Most of the attention on teens and media focuses on violent video games, advertising, and social media. Their interaction with news is often neglected, which is unfortunate given how important this form of media is. News tells us what’s going on in the world outside, what we should be thinking about, what we should fear, and whom we should elect to represent us and our interests.
Parents of teens know that most kids this age have little interest in reading news on paper, and the stories they encounter online tend to be those shared by their friends. They might half-listen to a TV or radio news broadcast from time to time, or pick up a news magazine if there’s nothing else to read. What can a parent do to encourage a teenager to seek out information that’s about more than their immediate surroundings and social circle?
Consume news yourself, and talk about it. Kids of all ages model parents’ behavior, so if you don’t pay attention to the news your kids aren’t likely to, either. Make it part of your regular routine to listen to news in the car, read a newspaper, or read online news. Point out interesting stories to your teen, and engage him/her in a conversation about it.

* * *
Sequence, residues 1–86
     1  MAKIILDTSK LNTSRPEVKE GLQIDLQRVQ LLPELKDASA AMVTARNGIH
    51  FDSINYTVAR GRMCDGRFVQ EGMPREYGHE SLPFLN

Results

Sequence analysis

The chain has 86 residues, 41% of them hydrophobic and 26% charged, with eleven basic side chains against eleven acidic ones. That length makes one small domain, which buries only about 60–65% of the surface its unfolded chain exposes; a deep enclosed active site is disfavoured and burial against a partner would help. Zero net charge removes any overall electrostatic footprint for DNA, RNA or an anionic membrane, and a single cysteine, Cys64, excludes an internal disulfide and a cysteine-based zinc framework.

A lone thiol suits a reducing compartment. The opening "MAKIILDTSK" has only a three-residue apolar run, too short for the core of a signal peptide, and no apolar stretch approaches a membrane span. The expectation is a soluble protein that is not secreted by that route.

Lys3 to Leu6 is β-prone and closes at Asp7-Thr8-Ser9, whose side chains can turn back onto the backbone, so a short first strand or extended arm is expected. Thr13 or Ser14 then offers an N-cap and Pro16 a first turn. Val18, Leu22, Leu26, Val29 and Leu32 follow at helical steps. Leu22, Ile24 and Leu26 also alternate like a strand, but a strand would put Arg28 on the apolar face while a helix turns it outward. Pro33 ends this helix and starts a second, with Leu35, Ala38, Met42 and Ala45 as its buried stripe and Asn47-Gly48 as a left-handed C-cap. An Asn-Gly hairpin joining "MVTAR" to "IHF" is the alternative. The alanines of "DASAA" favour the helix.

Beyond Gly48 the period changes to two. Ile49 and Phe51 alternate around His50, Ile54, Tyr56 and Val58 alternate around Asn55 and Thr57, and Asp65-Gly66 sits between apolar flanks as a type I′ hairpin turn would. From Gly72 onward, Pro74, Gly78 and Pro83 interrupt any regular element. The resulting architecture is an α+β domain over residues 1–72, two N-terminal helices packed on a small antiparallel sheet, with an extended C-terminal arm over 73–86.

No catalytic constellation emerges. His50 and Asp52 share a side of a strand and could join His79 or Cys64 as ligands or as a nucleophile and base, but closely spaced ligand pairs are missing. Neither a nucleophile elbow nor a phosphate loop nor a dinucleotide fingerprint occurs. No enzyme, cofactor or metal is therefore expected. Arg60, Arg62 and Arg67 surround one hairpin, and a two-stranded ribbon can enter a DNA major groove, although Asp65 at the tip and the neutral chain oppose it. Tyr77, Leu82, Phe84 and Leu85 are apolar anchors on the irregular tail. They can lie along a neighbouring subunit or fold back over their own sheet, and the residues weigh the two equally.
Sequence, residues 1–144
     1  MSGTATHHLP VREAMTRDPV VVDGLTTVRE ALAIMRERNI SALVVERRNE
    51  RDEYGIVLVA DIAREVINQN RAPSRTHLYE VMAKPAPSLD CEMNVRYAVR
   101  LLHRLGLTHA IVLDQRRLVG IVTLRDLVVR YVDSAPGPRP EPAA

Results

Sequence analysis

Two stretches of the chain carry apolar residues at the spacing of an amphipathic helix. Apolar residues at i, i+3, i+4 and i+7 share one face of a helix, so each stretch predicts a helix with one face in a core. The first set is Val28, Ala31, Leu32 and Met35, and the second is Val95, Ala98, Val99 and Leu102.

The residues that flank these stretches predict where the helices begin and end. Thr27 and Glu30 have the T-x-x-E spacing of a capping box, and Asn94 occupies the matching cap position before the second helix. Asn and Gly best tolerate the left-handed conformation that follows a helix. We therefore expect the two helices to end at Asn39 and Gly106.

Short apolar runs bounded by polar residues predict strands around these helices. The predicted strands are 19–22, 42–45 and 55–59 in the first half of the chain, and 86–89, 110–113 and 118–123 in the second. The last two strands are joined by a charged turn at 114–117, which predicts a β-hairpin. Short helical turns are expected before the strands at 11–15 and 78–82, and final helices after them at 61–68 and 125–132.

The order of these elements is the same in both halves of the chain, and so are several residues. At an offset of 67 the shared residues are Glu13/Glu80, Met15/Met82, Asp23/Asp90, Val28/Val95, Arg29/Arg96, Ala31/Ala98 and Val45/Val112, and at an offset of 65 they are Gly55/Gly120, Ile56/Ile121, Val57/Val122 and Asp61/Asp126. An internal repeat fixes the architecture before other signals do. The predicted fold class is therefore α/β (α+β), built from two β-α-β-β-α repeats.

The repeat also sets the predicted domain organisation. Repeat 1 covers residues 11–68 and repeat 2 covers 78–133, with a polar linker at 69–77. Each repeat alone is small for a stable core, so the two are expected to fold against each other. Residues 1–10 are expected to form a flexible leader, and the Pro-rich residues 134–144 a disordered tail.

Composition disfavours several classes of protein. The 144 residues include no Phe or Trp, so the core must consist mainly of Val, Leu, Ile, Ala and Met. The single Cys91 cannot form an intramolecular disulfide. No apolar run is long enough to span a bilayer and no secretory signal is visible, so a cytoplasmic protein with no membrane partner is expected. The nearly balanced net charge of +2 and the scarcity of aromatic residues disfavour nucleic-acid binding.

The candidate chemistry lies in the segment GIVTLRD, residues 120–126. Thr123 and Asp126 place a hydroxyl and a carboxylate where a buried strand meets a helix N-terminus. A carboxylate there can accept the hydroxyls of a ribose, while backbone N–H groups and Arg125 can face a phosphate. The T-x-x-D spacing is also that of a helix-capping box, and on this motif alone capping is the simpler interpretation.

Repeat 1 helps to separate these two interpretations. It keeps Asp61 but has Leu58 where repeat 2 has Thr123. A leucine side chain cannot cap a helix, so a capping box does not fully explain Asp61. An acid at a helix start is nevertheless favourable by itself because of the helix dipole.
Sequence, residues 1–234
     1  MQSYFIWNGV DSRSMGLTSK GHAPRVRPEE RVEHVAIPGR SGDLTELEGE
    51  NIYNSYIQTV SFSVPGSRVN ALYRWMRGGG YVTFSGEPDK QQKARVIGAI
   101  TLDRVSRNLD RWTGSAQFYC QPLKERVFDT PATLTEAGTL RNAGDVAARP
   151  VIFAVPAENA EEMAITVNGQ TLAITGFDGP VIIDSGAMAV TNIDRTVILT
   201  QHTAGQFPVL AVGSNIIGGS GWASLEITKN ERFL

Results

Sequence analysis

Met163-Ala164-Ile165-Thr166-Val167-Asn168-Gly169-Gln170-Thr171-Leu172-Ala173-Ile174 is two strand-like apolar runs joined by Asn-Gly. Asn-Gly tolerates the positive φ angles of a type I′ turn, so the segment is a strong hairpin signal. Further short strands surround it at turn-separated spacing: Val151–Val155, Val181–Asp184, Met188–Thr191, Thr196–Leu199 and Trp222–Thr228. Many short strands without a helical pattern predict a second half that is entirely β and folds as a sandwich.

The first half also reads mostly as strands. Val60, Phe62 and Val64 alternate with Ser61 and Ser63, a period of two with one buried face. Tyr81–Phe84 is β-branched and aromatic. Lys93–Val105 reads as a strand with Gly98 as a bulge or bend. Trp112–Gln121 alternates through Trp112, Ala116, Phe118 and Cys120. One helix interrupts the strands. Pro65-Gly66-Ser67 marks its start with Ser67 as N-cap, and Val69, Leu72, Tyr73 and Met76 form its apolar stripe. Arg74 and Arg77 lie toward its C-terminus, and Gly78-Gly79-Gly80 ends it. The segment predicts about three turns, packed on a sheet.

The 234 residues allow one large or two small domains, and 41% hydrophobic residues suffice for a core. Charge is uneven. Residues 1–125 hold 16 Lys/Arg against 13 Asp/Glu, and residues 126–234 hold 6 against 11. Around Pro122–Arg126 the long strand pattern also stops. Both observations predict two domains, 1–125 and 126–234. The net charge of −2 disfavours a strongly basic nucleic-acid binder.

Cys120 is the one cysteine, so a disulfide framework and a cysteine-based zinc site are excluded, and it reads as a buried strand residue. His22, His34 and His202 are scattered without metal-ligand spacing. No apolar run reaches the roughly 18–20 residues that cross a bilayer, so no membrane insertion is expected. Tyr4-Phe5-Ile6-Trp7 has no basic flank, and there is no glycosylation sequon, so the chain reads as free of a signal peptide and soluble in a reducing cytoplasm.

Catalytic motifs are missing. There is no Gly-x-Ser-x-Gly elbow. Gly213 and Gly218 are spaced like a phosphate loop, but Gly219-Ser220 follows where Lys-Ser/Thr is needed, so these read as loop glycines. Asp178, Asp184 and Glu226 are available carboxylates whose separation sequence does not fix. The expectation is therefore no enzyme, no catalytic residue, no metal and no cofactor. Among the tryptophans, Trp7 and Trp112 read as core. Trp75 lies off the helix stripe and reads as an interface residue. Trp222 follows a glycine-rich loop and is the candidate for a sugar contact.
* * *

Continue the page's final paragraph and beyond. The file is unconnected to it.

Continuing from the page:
Don’t scoff at what interests them. Many teens may find gossip websites far more interesting than the New York Times or the Atlantic Monthly. If you’re tempted to roll your eyes, engage them in a conversation instead. You’ll show some respect for media content they consider important, and you’ll learn more about what types of ‘real’ news might interest them.
Make it personal. Share stories with teens that are about people their age elsewhere in the world. A news article about a young person’s experience in another culture may be more likely to capture their interest than one about abstract political developments.
Encourage them to ask questions. Stories teens encounter in the news may frighten or confuse them, which may make them want to avoid news altogether. Talking with them about what they see or hear can help them process the information so they’re less likely to shut it out.
Next week, how to encourage teens to think critically about the news…